Kevin McCloud on solving the national housing crisis
GD magazine's editor-at-large on why good design and affordable homes are integral to solving the national housing crisis
If you’re reading this and you’re a homeowner, then consider yourself lucky. Britain is turning into a country of renters, stay-at-homers and empty-nesters – with mates staying on the sofa. Although I do meet the odd young couple or individual who is self-building a house to work their way into ownership, most people under 30 are house-sharing or renting – or simply not leaving the family home. In an Ipsos Mori poll taken before the election this year, 14 per cent of people thought that housing was the single most important political issue. Not the economy, Mr Osborne, nor Trident, education, immigration or benefits. Housing. Mark Carney, the governor of the Bank of England, has described the crisis in housing as ‘the biggest risk to financial stability’.
We all know about the numbers: since Kate Barker produced her influential review for Gordon Brown in 2004, it has become accepted wisdom that until we produce a minimum of 200,000 new homes a year, we won’t see prices stabilise. But that will never happen with the present supply chain. The housing market – dominated by half a dozen enormous companies – doesn’t operate according to the simple principle of competition, but rather another, cruder standard: that of supply and demand. In other words, whoever controls the supply controls the price. Housebuilders don’t need to compete or improve their product, because they know that as long as they collectively control the supply there will always be a market and prices will rise. Not surprisingly, 90 per cent of them think it’s not possible to meet any of the targets set by the main political parties. For possible, read desirable.
But housing isn’t suffering a crisis. It’s so dysfunctional that it’s suffering several – not least that of affordability. There are lots of ways of measuring how unaffordable homes are, but the one I prefer is the price-to-earnings ratio. This looks at house prices relative to national average income. In 1960, when my father bought a new three-bedroom house, it cost around £2,500 and earnings were at an average of £700 a year – a price-to-earnings ratio of 3.5, more or less. Today, with a national average income of £26,500 and homes at around £188,000, that ratio is seven. In Scotland it’s a slightly less scary five; in London, where the average house sells for £409,000, it’s an astronomical 15.5. It’s no wonder that people can’t afford to buy.
In case you think we can ask councils to build more affordable homes – forget it. The golden age of council housing is long gone: the Fifties, Sixties and Seventies saw 90,000 council houses built every year. Since then, in the hands of housing associations, that figure has dropped to 19,000 homes a year. Thanks to a rent cap introduced by George Osborne this summer (the growth in rent forming a major part of housing associations’ balance sheets – projected growth allows them to borrow), that figure is likely to collapse – associations are already renegotiating or reneging on deals to buy and build new housing stock, while local authorities (Bristol, for example) that had dreams of building their own council housing are cancelling their programmes.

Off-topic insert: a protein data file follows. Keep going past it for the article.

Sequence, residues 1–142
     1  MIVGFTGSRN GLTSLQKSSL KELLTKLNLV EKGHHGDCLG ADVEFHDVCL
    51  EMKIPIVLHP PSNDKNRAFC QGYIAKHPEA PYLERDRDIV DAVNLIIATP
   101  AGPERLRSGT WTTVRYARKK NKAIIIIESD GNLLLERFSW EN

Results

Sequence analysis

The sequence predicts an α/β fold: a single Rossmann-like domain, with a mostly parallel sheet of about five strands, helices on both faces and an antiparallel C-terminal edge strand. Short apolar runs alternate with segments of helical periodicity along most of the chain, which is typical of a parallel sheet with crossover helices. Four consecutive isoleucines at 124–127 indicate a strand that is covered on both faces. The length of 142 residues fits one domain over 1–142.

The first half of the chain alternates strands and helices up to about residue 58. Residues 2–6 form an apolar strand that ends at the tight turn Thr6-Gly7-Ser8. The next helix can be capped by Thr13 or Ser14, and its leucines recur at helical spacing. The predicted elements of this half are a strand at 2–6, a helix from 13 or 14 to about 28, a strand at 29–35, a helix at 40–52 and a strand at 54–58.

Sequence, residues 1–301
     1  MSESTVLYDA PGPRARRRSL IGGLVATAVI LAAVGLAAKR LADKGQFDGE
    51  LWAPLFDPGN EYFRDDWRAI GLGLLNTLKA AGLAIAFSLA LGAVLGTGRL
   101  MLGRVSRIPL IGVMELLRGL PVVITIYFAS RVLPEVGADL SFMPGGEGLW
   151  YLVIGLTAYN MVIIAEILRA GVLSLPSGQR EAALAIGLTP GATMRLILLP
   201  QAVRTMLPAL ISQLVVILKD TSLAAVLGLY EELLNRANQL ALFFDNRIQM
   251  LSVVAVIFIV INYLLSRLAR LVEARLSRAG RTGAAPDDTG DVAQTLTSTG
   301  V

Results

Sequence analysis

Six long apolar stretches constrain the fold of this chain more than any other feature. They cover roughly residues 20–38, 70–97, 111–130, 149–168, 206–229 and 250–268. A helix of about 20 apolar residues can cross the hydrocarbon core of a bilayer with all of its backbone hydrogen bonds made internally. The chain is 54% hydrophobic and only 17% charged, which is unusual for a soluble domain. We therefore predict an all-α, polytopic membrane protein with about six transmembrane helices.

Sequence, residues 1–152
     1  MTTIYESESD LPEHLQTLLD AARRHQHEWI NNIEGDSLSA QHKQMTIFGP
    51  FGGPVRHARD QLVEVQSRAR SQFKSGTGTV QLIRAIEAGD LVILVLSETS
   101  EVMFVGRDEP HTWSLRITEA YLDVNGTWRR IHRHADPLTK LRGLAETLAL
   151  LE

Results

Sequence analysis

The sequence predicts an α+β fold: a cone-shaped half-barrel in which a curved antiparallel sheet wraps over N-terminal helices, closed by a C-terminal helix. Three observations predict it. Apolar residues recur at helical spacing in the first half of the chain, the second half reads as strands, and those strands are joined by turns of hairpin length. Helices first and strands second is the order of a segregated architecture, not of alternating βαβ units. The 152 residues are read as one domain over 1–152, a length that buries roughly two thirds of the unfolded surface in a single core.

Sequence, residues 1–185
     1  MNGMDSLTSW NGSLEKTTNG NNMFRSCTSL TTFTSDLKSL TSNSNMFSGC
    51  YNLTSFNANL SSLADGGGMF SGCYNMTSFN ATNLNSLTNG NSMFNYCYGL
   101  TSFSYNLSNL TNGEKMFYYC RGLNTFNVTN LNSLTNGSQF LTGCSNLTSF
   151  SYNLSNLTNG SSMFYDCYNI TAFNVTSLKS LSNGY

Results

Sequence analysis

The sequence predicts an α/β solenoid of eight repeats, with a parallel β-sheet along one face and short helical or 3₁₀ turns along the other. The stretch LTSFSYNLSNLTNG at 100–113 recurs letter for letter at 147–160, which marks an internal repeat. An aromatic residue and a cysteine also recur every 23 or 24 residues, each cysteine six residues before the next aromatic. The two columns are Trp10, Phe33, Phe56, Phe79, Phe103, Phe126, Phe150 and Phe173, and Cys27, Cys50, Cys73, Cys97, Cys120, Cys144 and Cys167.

I’ve already written about other crises. There’s a crisis in quality (all to do with selling ‘units’ not homes, devoid of architectural merit); the crisis in planning (faceless development sprawl and a timidity that results from planning departments losing half their staff since 2008); and, perhaps most sadly, a crisis in design that has seen central government abandon any faith in the process. This is a remarkably human, interactive process developed over thousands of years, which transcends the principles of trade and capitalism to deliver, always, the best possible outcomes. That’s what it’s for.
Design doesn’t just provide the best curtains or kitchen or car or phone. It can create great architecture and community. Design delivers quality and fights compromise. It’s a tool that has a role beyond the drawing board, to improve other everyday processes such as governance or provision of services. If we want more affordable homes that are better made and more beautiful, we start by championing the design process. Beyond that, this government should steel itself, give more support to small builders and release much, much more of the land that it owns.
And allow me to correct myself. Councils could once again build social housing. In fact, they must. This government could yet repeal its poor legislation that curbs social house-building. It could – in the spirit of localism, which it has long espoused – do everything possible to support local authorities to build homes.